Tacos Perla masa
4150 Regents Park Row #170, San Diego
An impressive lineup of hot sauces stands guard along the front window counter of Un Mundo, defending the cheerful interior from the curvy corporate brickwork and congested parking lot outside. The motto here is “SoCal fresh. World inspired,” and there is an exotic grilled-chili tang that dominates the El Porko Rico taco’s roasty, toothsome meat. Fried red onion adds sweet heat, countered by a generous drizzle of melting sour cream. It ain’t especially big and, at $3.95, it ain’t especially cheap, but it’s better than tasty, and this is La Jolla. And on Taco Tuesday, you can get it with a beer for $6.
5060 Newport Avenue, San Diego
Just a long stumble from the end of Newport’s funky bustle, tucked cozily under Ace Tattoo, with a shipshape interior and rusticated outdoor seating. The Trifecta taco runs a whopping $5.79, but it’s a whopper: sweet shrimp, peppery scallops, and grilled fish under mounds of raw cabbage and avocado, plus chopped red onion, tomato, and cilantro. The most impressive aspect is the way each element stands up for itself instead of melding into a messy mélange. “Hey, shrimp! Hey, avocado! Hey, scallop!” et cetera. Well, maybe except for the tomato, but the shrimp more than makes up for it.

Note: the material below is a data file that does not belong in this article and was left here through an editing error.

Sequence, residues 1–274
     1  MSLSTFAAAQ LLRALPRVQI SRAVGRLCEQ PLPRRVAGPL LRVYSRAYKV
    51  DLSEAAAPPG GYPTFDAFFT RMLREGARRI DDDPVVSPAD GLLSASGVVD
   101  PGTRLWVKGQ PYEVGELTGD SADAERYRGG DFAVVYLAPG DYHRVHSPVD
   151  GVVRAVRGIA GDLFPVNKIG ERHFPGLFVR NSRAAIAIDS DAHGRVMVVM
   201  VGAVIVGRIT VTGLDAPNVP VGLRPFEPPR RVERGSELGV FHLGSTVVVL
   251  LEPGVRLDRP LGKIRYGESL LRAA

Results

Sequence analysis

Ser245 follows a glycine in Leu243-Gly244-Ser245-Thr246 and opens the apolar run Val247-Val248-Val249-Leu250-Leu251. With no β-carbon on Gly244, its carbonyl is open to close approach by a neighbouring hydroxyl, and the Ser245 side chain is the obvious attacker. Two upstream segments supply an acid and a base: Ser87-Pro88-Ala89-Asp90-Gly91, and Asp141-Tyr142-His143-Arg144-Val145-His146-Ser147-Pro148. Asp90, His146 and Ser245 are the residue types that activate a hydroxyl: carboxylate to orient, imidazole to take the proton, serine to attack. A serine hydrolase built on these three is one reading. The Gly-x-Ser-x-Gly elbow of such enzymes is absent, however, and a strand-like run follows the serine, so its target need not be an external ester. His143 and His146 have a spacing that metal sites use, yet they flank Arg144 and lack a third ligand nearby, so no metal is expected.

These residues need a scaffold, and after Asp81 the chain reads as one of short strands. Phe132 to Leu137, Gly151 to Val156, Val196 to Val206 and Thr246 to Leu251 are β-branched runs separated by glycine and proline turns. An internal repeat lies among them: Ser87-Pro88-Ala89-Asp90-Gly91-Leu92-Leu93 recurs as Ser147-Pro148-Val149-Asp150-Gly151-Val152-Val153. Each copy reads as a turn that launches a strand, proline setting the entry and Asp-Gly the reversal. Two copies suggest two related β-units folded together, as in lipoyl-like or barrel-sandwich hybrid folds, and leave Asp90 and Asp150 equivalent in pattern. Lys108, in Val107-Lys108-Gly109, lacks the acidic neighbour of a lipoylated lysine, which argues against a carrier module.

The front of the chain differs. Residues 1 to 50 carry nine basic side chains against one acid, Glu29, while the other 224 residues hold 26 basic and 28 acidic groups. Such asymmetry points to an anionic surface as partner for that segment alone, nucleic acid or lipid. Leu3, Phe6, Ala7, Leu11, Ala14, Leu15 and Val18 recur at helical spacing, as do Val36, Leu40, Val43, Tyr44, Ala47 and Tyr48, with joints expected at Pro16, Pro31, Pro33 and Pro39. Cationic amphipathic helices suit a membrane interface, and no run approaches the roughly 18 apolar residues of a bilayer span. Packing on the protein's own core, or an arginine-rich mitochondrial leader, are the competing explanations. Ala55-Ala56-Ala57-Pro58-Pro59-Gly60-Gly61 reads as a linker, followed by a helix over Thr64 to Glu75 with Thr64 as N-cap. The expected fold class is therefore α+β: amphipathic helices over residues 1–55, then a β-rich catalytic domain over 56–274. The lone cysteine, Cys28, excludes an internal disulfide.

3000 Upas Street #104, San Diego
“These tortillas are like corn muffins — so pillowy!” said The Wife, grinning, and gesturing at the glistening mound of masa in the very open kitchen of this industrial-eclectic neighborhood joint (#BaddestAssInNorthPark). They crisp up nicely, too — 54 cents got me a pile of rigid rounds to crack and stab into the Mixed Nut salsa (peanut, almond, cashew, hazelnut, Brazilian nut, with roasted chile de arbol — zing!). The nontraditional side of the menu emphasizes “interesting” perhaps even more than “delicious,” but they happily overlapped with the $3.95 Ocho: “braised-then-grilled octopus with poblano, pesto, and cheese.”
689 H Street, Chula Vista
Tacos El Gordo
Think of a Tijuana-based version of In-N-Out. The red, white, and gray decor. The super-basic menu. The long and steadily moving lines (which are taco-specific, and longest for adobada or al pastor). And the solid quality at a solid price ($2.25 for all tacos except brain and tongue, which come in at $2.40). The adobada man is a marvel of efficient speed, popping tortillas onto the griddle, whipping his knife along the edge of the rotating, constantly crisping column of pork, dousing the firm and fat-sweetened meat with creamy cilantro, and sprinkling on a few bits of onion for customers ordering two, four, six at a time.